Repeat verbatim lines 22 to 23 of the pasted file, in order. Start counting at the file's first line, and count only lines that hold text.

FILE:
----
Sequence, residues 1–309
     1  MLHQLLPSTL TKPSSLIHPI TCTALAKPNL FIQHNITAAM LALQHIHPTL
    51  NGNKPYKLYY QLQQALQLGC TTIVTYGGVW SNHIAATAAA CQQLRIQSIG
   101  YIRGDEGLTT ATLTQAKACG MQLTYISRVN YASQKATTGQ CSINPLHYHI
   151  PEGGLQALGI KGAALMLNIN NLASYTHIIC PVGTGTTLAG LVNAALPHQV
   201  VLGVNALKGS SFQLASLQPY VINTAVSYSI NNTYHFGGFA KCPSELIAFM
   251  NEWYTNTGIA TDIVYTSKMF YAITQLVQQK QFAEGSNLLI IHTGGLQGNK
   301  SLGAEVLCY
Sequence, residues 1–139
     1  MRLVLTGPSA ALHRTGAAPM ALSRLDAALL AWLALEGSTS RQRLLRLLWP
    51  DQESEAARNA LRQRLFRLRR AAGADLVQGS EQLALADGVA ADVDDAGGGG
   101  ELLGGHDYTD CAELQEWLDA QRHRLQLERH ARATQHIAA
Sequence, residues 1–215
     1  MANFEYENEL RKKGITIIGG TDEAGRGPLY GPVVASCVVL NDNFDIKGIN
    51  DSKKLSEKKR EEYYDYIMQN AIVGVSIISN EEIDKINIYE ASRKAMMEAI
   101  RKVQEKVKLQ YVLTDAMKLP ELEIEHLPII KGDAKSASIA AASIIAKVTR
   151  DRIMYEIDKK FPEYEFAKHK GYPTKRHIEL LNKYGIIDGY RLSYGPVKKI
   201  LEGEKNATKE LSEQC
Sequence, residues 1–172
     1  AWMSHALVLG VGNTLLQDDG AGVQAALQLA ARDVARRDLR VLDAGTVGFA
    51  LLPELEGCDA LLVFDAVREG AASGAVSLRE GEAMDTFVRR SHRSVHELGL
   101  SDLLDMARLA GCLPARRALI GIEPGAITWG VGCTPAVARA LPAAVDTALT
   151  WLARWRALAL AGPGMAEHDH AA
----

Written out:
   101  SDLLDMARLA GCLPARRALI GIEPGAITWG VGCTPAVARA LPAAVDTALT
   151  WLARWRALAL AGPGMAEHDH AA